The attacks on two churches in the Youhanabad area of Lahore, and the public lynching of two people the crowd deemed suspects highlights several alarming facts. These intersect, coalesce and amalgamate to create a highly volatile and unpredictable atmosphere which then self-perpetuates, relentlessly continuing the cycle.
Step one in this cycle is the failure of the state and its institutions. If this was a singular failure, a tumor that could be treated or excised, it would be a different story. But this is a systemic problem, one that has permeated every aspect of state functions and institutions. First and foremost, the state is completely unable to protect its citizens. The most basic and fundamental tenant of the social contract is that citizens give up certain rights in exchange for certain freedoms, principal among them the right to live and work peacefully.
Citizens of today’s Pakistan, especially minorities, are under siege from a faction of the extremist strain that pollutes our collective national ideology and washes our streets in the blood of the innocent. Since the enactment of the National Action plan (NAP), in the wake of the atrocious attack on schoolchildren in Peshawar, minorities have been especially vulnerable against attacks. The enemy is already well-aware that the state response will be meek at best, so minorities remain easy fodder for their quest for relevancy. The state’s response has been immediate condemnation, public avowing to avenge the fallen, and then quietly waiting for the next catastrophe, to repeat these tried and tested tactics. Our politicians, our law enforcement agencies, and even our judiciary, are unable to protect our citizens and provide speedy justice. This breeds distrust, and inculcates a sense of abandonment and helplessness.
Step two of this cycle stems from the massive trust deficit in the citizens, once again, especially minorities. The public faith in state institutions, especially those that are responsible for security and justice, is fleeting at best, and non-existent at worst. This deficit manifests itself in a wide variety of ways, depending on a large range of factors including their socio-economic status, resource availability, and religious disposition.
The manifestation can be in the form of an alarming rate of brain-drain away from Pakistan, as people are chased away, or make the choice to escape before anything untoward happens. It can be in the form of public unrest, blockades, protests and civil strife. It can also take the shape, as it did this past weekend, of the most deplorable and sickening form of mob justice. Even then, it was the latest in a series of public lynchings, committed by people of different faiths, for different reasons. Only one thread remains common: none of them had faith in the authorities to do the right thing.
This argument makes no excuse for the mobs’ behavior or their despicable disposition, but merely suggests that taking justice and the law into their own hands implies a gaping mistrust in Pakistan’s institutional capacity to provide security for its citizens, and failing that, provide justice.
Step three of this cycle is the state’s response outside the ambit of providing justice. When the social contract is violated, the state must recognize the grievance. In most cases, this does happen, hollow and inconsiderate as it may be. But then, the state must provide compensation, ongoing social support, and a wide social security net for the survivors of the departed. In Pakistan, this normally amounts to the chief minister or similar official announcing a lump sum being given to the bereaved family.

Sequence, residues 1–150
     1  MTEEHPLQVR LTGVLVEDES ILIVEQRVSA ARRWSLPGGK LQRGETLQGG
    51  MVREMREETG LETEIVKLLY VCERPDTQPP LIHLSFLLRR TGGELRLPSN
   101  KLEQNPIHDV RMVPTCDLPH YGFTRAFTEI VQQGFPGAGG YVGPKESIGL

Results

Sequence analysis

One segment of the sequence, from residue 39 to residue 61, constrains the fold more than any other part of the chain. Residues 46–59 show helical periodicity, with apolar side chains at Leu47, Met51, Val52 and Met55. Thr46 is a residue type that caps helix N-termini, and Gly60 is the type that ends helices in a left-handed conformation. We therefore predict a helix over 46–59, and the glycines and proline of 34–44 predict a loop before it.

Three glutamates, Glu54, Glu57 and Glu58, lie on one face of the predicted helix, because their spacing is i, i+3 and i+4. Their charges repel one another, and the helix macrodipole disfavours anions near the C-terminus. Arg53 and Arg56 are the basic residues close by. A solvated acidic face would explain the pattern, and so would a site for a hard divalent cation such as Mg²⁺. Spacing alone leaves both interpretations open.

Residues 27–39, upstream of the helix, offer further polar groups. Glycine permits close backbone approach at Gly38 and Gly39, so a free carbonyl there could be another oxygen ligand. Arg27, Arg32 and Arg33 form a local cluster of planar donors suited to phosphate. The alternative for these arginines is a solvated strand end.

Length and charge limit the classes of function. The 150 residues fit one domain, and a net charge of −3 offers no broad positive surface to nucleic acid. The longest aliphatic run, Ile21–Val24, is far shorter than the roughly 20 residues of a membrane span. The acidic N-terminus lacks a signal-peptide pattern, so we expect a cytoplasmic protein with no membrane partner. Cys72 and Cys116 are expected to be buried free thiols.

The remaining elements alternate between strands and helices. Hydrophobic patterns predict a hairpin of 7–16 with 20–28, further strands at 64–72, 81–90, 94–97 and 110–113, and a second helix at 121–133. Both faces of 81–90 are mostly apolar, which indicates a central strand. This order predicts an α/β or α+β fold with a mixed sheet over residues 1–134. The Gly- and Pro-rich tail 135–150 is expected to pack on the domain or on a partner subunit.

At present, Balochistan is the only province has legislation in place to ensure that civilians are compensated for their losses in a holistic manner, and catered to if their social contract is violated. The Institute of Social and Policy Sciences, a research organization based in Islamabad, has been instrumental in helping formulating such law, and believes the same can be replicated in the other provinces and regions as well. Their belief is not misplaced, as mechanisms already exist that can be duplicated. The law enforcement agencies in Pakistan has compensation structures that, while not exemplary, are closer in spirit to a more comprehensive form of compensation for the aggrieved. Yet, somehow, only one province has managed to pass the bill to legalize and formalize this crucial practice, and that too only recently. Coupled with the massive backlog of cases pending in our courts, as well as the glacial pace of the justice delivery service, it is no wonder that the lack of these laws continue to perpetuate the distrust the public have in state institutions.
The culmination of these steps is a state that seems to have laws, rules and regulations designed to uphold the social contract, but limited capacity to execute and near negligible political will. The public, in turn, spirals deeper into this sense of neglect at the hands of the state, resulting in civil unrest and a complete desertion of the rule of law and respect for fundamental human rights, which further deteriorates the situation. The trust gap is ever-widening, and the state must act to overcome this chasm through a) a capable security apparatus, especially the police, and b) legislating on civilian victim compensation, as they have in Balochistan. Without the political will to take these steps, and the impetus to earn the public trust, this is a battle that eventually everyone loses.
The author is a journalist and a Senior Research Fellow at the Center for Research and Security Studies, Islamabad. He holds a Master’s degree in strategic communications from Ithaca College, NY.